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  1. Farmers Engaged in Deliberative Practices; An Ethnographic Exploration of the Mosaic of Concerns in Livestock Agriculture.Clemens Driessen - 2012 - Journal of Agricultural and Environmental Ethics 25 (2):163-179.
    A plethora of ethical issues in livestock agriculture has emerged to public attention in recent decades, of which environmental and animal welfare concerns are but two, albeit prominent, themes. For livestock agriculture to be considered sustainable, somehow these interconnected themes need to be addressed. Ethical debate on these issues has been extensive, but mostly started from and focused on single issues. The views of farmers in these debates have been largely absent, or merely figured as interests, instead of being considered (...)
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  • A “Practical” Ethic for Animals.David Fraser - 2012 - Journal of Agricultural and Environmental Ethics 25 (5):721-746.
    Abstract Drawing on the features of “practical philosophy” described by Toulmin ( 1990 ), a “practical” ethic for animals would be rooted in knowledge of how people affect animals, and would provide guidance on the diverse ethical concerns that arise. Human activities affect animals in four broad ways: (1) keeping animals, for example, on farms and as companions, (2) causing intentional harm to animals, for example through slaughter and hunting, (3) causing direct but unintended harm to animals, for example by (...)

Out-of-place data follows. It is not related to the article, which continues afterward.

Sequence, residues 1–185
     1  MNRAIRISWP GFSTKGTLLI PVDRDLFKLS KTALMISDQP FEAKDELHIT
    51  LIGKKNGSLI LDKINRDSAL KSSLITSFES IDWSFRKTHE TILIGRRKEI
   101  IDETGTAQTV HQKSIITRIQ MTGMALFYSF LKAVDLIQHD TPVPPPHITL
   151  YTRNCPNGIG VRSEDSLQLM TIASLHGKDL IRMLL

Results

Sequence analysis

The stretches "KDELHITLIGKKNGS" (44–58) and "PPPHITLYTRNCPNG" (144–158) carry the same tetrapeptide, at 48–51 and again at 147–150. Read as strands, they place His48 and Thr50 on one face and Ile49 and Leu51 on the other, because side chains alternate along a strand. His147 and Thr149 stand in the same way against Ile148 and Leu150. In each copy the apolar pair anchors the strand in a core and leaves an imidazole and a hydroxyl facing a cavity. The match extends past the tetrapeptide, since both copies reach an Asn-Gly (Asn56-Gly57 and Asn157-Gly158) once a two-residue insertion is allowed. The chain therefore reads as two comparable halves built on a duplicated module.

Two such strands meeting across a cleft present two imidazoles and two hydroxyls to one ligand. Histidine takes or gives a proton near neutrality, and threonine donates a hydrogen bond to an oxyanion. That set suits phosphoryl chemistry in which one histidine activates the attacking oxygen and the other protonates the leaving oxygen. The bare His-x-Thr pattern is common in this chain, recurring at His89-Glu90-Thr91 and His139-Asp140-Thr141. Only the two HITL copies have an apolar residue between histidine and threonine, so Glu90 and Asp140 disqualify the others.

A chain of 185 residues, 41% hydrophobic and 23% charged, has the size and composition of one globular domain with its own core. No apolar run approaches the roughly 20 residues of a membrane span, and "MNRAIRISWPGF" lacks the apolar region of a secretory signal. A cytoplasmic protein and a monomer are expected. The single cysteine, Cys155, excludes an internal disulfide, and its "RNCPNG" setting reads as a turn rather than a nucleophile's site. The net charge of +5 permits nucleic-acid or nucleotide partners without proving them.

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  • Exploring the Potential of Dutch Pig Farmers and Urban-Citizens to Learn Through Frame Reflection.Marianne Benard & Tjard de Cock Buning - 2013 - Journal of Agricultural and Environmental Ethics 26 (5):1015-1036.
    The Dutch pig husbandry has become a topic of public debate. One underlying cause is that pig farmers and urban-citizens have different perspectives and underlying norms, values and truths on pig husbandry and animal welfare. One way of dealing with such conflicts involves a learning process in which a shared vision is developed. A prerequisite for this process is that both parties become aware of their own fixed patterns of thoughts, actions, and blind spots. Therefore, we conducted five homogeneous focus (...)
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  • Scientists and Dutch Pig Farmers in Dialogue About Tail Biting: Unravelling the Mechanism of Multi-Stakeholder Learning. [REVIEW]Marianne Benard, Tjerk Jan Schuitmaker & Tjard de Cock Buning - 2014 - Journal of Agricultural and Environmental Ethics 27 (3):431-452.
    Pig farmers and scientists appear to have different perspectives and underlying framing on animal welfare issues as tail biting and natural behaviour of pigs. Literature proposes a joint learning process in which a shared vision is developed. Using two different settings, a symposium and one-to-one dialogues, we aimed to investigate what elements affected joint learning between scientists and pig farmers. Although both groups agreed that more interaction was important, the process of joint learning appeared to be rather potentially dangerous for (...)
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